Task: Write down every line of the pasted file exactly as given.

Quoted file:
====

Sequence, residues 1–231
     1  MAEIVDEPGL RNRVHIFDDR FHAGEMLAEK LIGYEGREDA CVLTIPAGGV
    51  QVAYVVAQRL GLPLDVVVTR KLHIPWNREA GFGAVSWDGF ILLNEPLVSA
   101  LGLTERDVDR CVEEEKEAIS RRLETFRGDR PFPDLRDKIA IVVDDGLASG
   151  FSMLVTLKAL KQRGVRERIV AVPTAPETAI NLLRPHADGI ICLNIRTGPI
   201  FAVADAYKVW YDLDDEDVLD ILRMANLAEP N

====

Sequence, residues 1–231
     1  MAEIVDEPGL RNRVHIFDDR FHAGEMLAEK LIGYEGREDA CVLTIPAGGV
    51  QVAYVVAQRL GLPLDVVVTR KLHIPWNREA GFGAVSWDGF ILLNEPLVSA
   101  LGLTERDVDR CVEEEKEAIS RRLETFRGDR PFPDLRDKIA IVVDDGLASG
   151  FSMLVTLKAL KQRGVRERIV AVPTAPETAI NLLRPHADGI ICLNIRTGPI
   201  FAVADAYKVW YDLDDEDVLD ILRMANLAEP N